• A range of federal regulations—most recently the Elog mandate put in place in April—require truckers to track the time they work, which can impact productivity, and thus pay.
  • The long hours and requirements of the job can limit its appeal. Most drivers—especially newer ones—are on the road for extended periods of time, returning home only a few times a month. Adapting to life on the road (showering at rest stops, limited dietary choices, safety issues, and more) can make the job less appealing to some.
  • Drivers must pass a DOT (Department of Transportation) physical at least every two years. Some with specific health issues must do this annually. A lot of times the driver must pay for the physical out of their own pocket.
  • Sleep apnea and diabetes can disqualify a driver if certain criteria are not met.
  • Carriers cannot find drivers that can pass the required drug test at hire and then randomly throughout their employment.

The ATA estimates that because of industry growth and retirements, the trucking sector will need to recruit nearly 100,000 new drivers every year to keep up with the demand for drivers. The shortage is particularly acute in the long-haul, over-the-road truckload segment.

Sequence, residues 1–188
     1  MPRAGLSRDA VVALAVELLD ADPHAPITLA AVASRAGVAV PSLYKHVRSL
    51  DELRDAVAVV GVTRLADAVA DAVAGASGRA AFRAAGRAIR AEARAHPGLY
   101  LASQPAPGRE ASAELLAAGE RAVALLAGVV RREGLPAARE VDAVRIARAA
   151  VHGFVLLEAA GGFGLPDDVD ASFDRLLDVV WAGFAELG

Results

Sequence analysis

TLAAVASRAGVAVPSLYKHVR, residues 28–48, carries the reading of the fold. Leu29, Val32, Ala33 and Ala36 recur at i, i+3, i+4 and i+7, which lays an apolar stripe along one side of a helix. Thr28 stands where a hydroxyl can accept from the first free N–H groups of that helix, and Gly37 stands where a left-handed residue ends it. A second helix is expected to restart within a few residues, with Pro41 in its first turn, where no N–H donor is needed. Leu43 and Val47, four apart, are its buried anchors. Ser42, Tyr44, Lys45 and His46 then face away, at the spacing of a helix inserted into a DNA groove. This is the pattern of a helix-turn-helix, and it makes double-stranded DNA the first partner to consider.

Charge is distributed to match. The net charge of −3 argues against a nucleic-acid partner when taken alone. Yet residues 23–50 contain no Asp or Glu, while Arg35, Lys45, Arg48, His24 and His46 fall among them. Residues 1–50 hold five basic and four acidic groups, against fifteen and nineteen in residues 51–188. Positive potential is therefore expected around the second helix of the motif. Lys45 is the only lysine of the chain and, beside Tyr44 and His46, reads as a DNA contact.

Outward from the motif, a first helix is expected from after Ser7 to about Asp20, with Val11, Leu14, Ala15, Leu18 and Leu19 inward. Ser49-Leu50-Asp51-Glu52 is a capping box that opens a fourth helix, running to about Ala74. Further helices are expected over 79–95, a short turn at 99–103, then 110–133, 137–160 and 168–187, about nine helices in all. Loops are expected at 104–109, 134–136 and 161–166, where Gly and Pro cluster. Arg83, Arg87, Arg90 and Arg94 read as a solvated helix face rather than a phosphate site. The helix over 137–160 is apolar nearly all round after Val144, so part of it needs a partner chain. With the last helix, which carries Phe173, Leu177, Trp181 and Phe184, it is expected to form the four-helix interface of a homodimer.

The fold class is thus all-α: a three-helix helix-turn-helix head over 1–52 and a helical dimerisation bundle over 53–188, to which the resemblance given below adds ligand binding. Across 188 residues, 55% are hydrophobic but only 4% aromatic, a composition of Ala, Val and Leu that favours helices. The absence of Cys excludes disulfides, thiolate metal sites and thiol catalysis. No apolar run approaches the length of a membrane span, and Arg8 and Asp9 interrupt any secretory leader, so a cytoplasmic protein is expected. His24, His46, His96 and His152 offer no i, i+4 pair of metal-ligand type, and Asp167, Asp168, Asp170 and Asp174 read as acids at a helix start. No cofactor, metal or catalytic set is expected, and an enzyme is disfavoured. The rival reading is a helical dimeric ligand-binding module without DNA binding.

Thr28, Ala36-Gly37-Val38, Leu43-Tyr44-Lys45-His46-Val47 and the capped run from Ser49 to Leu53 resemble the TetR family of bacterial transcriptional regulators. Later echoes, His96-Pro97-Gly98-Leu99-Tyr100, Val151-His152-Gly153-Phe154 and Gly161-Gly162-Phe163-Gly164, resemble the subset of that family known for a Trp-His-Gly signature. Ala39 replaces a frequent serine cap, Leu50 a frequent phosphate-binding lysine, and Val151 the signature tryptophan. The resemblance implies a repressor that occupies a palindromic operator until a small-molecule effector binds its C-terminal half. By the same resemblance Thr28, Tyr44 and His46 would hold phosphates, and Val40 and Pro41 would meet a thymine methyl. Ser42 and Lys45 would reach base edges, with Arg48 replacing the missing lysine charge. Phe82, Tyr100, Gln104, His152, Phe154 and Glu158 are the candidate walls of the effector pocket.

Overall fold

There are steps the trucking industry can take to help address the need for drivers:

  • Try to expand the demographic. For example, women currently make up only 6 percent of the truck drivers. Some observers see veterans seeking career transition after military service as another good potential source of prospective truckers.
  • Continue to boost driver wages. The national median for truck driver pay is $53,000, which represents a $7,000 increase from the previous year. For private fleet drivers, the pay increase is up $13,000.
  • Decrease time on the road. Trucking companies can address lifestyle issues of the profession by offering route options that are closer to drivers’ homes, reducing the long-haul lifestyle aspects of the job.

The truck driver shortage affects the entire economy and could have a significant impact on supplier costs and shipping delays. Agforce Transport Services monitors and tracks trucking industry developments like the driver shortage to provide informed consultation to customers.

Agforce specializes in customized transportation solutions for our customers’ specific business requirements. To learn more about how we can help address your company’s needs, contact us today for a free consultation. Give us a call at 844-713-6723 or email us at inquiry@agforcets.com.

Rail Price Spike: What You Need to Know

A capacity crunch in rail shipping is occurring earlier in the year than anticipated has the industry bolstering for substantial and sustained price hikes. Shippers should be aware of this trend. Rail prices are expected to continue to rise over the course of the year.